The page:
Founded by young entrepreneurs passionate about both style and sustainability to showcase the fascinating stories of grass-roots brands from across the world, Gather & See presents an alternative vision to fast fashion. We speak to founders Alicia Taylor and Stephanie Hogg about their venture to sustainable style.
DEPARTURES: You both have an interesting background prior to establishing Gather & See. Stephanie, you were operating a clothing company from Sierra Leone. What is the story there?
Stephanie Hogg: I set up NearFar in 2009, having visited Sierra Leone on and off while my parents were living there. I noticed the number of tailors in Freetown, the capital. After the civil war many NGO's had come to Sierra Leone and developed skills training programmes to fill the education gap left by years of fighting. One programme was the art of tailoring, but the results were only being sold locally. So I decided to go there and create a small collection and see what the response would be in the UK. Working closely with local tailors and using African print materials we created NearFar.
It was perfect timing, as fashion had started to look towards Africa for inspiration, and the response was extremely positive. NearFar created a new market for Sierra Leone tailors and we were also helping dispel the myth of Sierra Leone as a war torn country.
The fashion industry is worth billions, and giving people jobs
and paying them a living wage has a huge affect on their lives - I've always
believed that fashion channelled in the right way can be a real force for
Alicia, your work life prior to Gather & See saw you within the corporate world of fashion. What lead you to leaving this and embark upon a venture such as Gather & See
Alicia Taylor: I really see the two paths as connected, and my decision to move from one to the other was in some ways related to the education I received working for LVMH and Value Retail. Without exposure to such successful businesses at a grass roots level, nurturing by talented managers and developing an understanding of the fashion industry from the inside I don’t think I would have had the skills or confidence to believe Gather & See could become a reality.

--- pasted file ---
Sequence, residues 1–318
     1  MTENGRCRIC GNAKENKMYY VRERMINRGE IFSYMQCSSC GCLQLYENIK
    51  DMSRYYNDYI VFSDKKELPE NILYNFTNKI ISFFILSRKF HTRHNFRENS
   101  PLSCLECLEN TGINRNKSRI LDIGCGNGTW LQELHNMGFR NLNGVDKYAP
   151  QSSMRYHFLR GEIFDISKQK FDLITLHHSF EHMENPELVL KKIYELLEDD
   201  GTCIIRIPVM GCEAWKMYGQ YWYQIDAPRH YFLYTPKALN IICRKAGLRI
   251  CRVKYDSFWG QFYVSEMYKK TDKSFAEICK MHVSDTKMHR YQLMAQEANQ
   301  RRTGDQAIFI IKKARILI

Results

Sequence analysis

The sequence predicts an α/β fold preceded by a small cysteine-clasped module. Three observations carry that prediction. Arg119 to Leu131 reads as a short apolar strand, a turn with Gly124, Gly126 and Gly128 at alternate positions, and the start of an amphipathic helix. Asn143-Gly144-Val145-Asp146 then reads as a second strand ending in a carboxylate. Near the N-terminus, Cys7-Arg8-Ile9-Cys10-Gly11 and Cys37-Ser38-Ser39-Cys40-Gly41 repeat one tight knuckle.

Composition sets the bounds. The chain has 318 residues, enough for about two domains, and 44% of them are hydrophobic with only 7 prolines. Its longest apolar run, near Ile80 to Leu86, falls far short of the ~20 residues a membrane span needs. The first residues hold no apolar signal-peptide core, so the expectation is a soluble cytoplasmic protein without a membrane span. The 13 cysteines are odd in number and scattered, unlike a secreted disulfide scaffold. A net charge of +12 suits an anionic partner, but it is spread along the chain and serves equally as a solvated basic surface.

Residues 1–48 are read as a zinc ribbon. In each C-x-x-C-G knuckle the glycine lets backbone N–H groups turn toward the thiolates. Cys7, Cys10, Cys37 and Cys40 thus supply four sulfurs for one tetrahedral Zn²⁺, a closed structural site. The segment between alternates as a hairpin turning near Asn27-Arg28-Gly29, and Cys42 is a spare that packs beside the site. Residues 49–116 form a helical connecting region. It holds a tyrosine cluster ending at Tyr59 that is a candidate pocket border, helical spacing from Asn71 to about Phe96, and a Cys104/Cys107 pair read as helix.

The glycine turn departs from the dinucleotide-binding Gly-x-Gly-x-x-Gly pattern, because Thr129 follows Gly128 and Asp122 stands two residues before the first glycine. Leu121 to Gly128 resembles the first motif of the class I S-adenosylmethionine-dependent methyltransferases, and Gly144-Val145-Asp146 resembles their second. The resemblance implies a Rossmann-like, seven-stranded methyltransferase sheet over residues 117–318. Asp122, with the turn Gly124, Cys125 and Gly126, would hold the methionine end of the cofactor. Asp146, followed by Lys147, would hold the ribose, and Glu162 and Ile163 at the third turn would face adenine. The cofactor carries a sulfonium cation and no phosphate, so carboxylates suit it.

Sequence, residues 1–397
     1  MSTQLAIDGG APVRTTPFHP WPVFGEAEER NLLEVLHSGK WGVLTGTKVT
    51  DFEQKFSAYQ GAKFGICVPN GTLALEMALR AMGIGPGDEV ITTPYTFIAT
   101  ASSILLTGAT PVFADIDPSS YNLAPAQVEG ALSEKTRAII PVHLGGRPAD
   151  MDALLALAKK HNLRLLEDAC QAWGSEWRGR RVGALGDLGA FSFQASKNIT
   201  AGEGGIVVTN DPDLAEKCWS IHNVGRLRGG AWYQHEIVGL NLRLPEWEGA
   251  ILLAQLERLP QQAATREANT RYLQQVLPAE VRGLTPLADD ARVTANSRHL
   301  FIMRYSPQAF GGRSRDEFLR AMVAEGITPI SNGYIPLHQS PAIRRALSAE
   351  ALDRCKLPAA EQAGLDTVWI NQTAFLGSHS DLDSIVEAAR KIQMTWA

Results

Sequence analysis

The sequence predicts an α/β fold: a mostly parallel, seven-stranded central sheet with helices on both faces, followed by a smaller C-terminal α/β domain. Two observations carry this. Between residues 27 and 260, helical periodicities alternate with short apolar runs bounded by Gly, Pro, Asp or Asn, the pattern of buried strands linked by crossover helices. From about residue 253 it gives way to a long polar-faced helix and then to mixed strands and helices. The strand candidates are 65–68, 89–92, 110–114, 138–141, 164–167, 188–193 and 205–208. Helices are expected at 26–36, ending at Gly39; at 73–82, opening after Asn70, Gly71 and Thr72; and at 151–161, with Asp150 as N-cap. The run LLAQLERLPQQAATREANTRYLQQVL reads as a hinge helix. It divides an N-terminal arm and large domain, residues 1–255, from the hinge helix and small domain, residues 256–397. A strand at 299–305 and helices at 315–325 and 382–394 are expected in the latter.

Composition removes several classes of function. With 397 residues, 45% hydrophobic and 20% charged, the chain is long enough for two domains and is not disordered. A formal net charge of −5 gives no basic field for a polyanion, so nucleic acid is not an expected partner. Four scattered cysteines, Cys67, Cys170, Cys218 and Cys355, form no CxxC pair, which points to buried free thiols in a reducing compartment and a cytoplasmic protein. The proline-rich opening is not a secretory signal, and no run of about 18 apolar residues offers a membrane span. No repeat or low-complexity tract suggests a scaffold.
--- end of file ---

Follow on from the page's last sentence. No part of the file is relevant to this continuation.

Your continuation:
Gather & See has been a long time coming - we dreamt up the idea of a fashion forward ethical brand in 2003, as wide-eyed teenagers travelling around South America. The passion for sustainable fashion never went away but we needed to get some real life work experience. I felt the need to mature and achieve a “regular” career path before setting up a business of my own. The timing was right in 2014, professionally and personally, to make the leap.
The timing also seemed ripe in a wider market context. Ethical fashion had a brief golden spell that was cut short with the recession in 2008. Fast forward to 2013, and consumer attitudes were different - authenticity, transparency and quality were becoming more and more important. We felt we could offer appealing and design-focused ethical fashion that would hit a unique spot for a fashion-savvy and socially and environmentally aware woman. It was go for it or miss the boat and regret not acting when we could.
Social responsibility toward the origin and methods of production in fashion (and other industries) is taking an increasingly forward facing role for brands. What are your thoughts of this recent ‘greening’?
G&S: There are two sides to this. It is good that something is being done - for luxury goods companies like Kering to be investing in sustainability positive and will have a trickle down effect. Unethical production contradicts what luxury means today so brands have no choice but to address these issues. Customers are demanding to know more.
Even fast fashion brands are promoting recycling and ‘green’ collections. This highlights the issue to a wider consumer but the flip side is that the fast fashion model causes much damage. Companies build massive profits from vast quantities of cheap clothing almost designed to end up in landfill, worn a few times and thrown away so the customer starts again. It is well known that social and environmental injustices also take place in order to make product so cheaply – the Rana Plaza tragedy, for example.
So efforts to appear more green and sustainable seem somewhat staged, more of a PR story than a genuine commitment to change. Their margins are too big to allow anything other than cynicism. A truly sustainable fashion industry would mean effectively dismantling the fast fashion model.